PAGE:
The concept of virtual reality has been around since the 1970s, only a few decades longer than the origins of the phrase itself, which can be traced back to French experimental theatre. Yet the practical applications of the technology have evolved, both in how they’re used and who they’re used by. From the first generation of virtual reality and augmented reality researchers such as Dan Sandin, Myron Krueger, Richard Venezky and Jerry Erdman, to the plethora of possibilities being helmed by the new generation, this fairly recent technology has gone from inaccessible to a growing household mainstay in just a few quick decades.
Organically spawning from the world of computer sciences and the academic study of it in the US, one of the earliest forms of the medium was called Metaplay. Developed by Krueger, it incorporated much of the early hallmarks that would define what virtual reality is and could be: reactive sensors, immersive visuals and stereo sound. It – along with his later works like Videoplace – were exhibited at art galleries in the US before he continued his research at the Science and Engineering Center at the University of Wisconsin–Madison as people started to understand the practical applications of virtual reality.
Meanwhile inventor Tom Furness had been developing virtual reality devices within the Air Force as the first type of training simulator: there was little belief in the system at first and it would take until after the first Gulf War for administrators to realise its importance as a training tool. At NASA, David Em created navigable virtual worlds – becoming the first person to do so – with the Jet Propulsion Laboratory (JPL). It ran from 1977 to 1984 and was one of many different types of simulators that started to pop up as training mechanisms: from flight and driving, to space and drilling. Work that was developed at MIT like The Aspen Movie Map and then Eric Howlett’s Large Expanse, Extra Perspective (LEEP) optical system a year later in 1979 (which was later redesigned by NASA in the mid-80s) continued to push the boundaries.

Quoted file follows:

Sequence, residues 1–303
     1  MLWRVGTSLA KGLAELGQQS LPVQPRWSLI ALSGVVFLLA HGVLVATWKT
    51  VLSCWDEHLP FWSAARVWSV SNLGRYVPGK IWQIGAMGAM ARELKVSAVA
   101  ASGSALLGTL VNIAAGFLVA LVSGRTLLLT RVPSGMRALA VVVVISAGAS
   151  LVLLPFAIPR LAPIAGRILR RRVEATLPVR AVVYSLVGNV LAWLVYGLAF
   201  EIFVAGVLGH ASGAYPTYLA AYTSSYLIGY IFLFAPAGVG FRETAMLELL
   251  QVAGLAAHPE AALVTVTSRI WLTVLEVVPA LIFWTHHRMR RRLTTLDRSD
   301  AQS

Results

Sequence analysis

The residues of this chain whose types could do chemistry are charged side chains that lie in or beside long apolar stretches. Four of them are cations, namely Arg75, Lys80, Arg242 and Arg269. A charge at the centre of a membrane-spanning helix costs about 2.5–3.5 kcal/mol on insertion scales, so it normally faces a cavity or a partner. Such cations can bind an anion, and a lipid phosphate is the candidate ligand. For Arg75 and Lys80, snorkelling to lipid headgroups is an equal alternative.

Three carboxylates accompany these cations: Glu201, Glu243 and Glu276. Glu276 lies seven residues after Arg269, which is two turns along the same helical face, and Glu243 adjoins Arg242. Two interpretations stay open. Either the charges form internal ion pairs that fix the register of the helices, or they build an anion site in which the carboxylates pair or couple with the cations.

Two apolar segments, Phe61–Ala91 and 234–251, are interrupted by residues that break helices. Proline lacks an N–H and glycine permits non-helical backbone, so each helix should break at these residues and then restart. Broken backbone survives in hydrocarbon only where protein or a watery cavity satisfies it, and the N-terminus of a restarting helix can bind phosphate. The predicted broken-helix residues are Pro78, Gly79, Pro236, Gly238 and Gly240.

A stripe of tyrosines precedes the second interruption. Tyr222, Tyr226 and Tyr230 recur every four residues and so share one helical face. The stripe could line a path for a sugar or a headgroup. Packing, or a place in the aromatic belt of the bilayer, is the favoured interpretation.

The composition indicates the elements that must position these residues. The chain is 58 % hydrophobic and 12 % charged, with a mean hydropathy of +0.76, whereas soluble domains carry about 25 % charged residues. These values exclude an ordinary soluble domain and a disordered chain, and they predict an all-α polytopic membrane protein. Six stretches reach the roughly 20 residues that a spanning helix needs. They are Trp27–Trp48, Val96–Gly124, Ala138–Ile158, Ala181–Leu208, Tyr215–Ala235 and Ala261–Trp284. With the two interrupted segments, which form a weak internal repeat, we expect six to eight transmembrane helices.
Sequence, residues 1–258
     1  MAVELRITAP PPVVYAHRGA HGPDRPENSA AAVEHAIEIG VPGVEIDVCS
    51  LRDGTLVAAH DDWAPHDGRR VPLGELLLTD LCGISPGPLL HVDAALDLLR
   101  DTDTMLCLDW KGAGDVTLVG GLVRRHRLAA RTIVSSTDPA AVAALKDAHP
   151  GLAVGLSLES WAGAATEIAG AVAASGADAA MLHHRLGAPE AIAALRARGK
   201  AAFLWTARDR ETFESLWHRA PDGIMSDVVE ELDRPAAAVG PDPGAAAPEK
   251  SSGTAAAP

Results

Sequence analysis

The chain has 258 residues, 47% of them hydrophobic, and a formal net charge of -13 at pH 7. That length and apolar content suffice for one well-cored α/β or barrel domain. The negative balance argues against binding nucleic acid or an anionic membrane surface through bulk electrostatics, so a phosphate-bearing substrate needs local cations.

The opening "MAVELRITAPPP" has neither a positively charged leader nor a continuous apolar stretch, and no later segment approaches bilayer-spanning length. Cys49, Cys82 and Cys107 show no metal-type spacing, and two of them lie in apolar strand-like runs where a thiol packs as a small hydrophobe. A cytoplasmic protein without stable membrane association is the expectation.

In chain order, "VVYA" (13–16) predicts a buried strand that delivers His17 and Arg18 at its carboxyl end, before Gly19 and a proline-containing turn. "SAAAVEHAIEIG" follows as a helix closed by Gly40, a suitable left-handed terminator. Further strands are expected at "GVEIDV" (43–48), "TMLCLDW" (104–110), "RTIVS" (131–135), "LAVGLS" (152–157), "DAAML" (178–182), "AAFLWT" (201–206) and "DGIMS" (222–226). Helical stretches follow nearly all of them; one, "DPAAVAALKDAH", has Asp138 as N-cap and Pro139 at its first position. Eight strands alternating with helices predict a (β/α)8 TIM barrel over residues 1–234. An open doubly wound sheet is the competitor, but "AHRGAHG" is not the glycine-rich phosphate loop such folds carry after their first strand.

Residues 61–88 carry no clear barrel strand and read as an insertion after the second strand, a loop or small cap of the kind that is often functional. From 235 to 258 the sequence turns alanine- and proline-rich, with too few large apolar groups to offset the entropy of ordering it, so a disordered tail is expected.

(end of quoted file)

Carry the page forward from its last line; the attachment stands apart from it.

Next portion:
In theory there seemed to be plenty of public interest by the 1990s and 2000s, largely thanks to pop culture representation in films like Tron (1982), The Lawnmower Man (1992), Strange Days (1995) and The Matrix trilogy (1999–2003). The reality, however, seemed to be indifference. The first attempts at making virtual reality accessible commercially ranged from mixed to disaster. There was the Sega VR headset, Virtuality system, Nintendo’s ill-fated Power Glove, QuickTime VR from Apple, and Nintendo's Virtual Boy console, among many others. Although its uses were continually being expanded upon in the training spheres – virtual reality was named by NASA as one of its most important tools to train astronauts and universities such as RMIT are developing it for medical training among surgery students – it didn’t crossover into the lives and homes of the masses until the 2010s.
In 2012, American developer, designer and entrepreneur Palmer Luckey started a Kickstarter to crowdsource funding for Oculus Rift: a virtual reality headset. The campaign was successful, raising over two million dollars, before Facebook purchased the entire product wholesale for two billion dollars in 2014. It hit the market commercially in 2016, with various improved headsets and designs released since then along with gaming, educational, and even immersive media experiences tailored to go with the technology. Considered the first accessible virtual reality device for the home, it’s price tag was exclusionary for many.
Enter Google Carboard, which was launched in 2014 with a low-cost system that meant it was a much more realistic option for those wanting to engage with the tech. “It’s a VR experience starting with a simple viewer anyone can build or buy,” said the internet giant. “Once you have it, you can explore a variety of apps that unfold all around you.”
Developed by French Google engineers David Coz and Damien Henry, its defining trait was a fold-out cardboard viewer which – once a smartphone was inserted – could be turned into a virtual reality headset. Designed to encourage others to develop their own applications of the technology – much like LEGO’s Mindstorm series – users could build their own viewers from cheap components using a blueprint made downloadable by Google or purchase a pre-manufactured headset. Cardboard also had a software development kit (SDK) that was released for the Android and iOS operating systems meaning that people could develop their own virtual reality content in apps and online, as well as add it to pre-existing online spaces. In the world of moving image, the difference between virtual worlds represented in the decade between James Cameron’s Avatar (2008) and Steven Spielberg’s Ready Player One (2018) became symbolic of where the technology was headed: from an unattainable science-fiction concept that couldn’t be reached outside of space (the former) to something that could be accessed, utilised and developed by all (the latter).
– Maria Lewis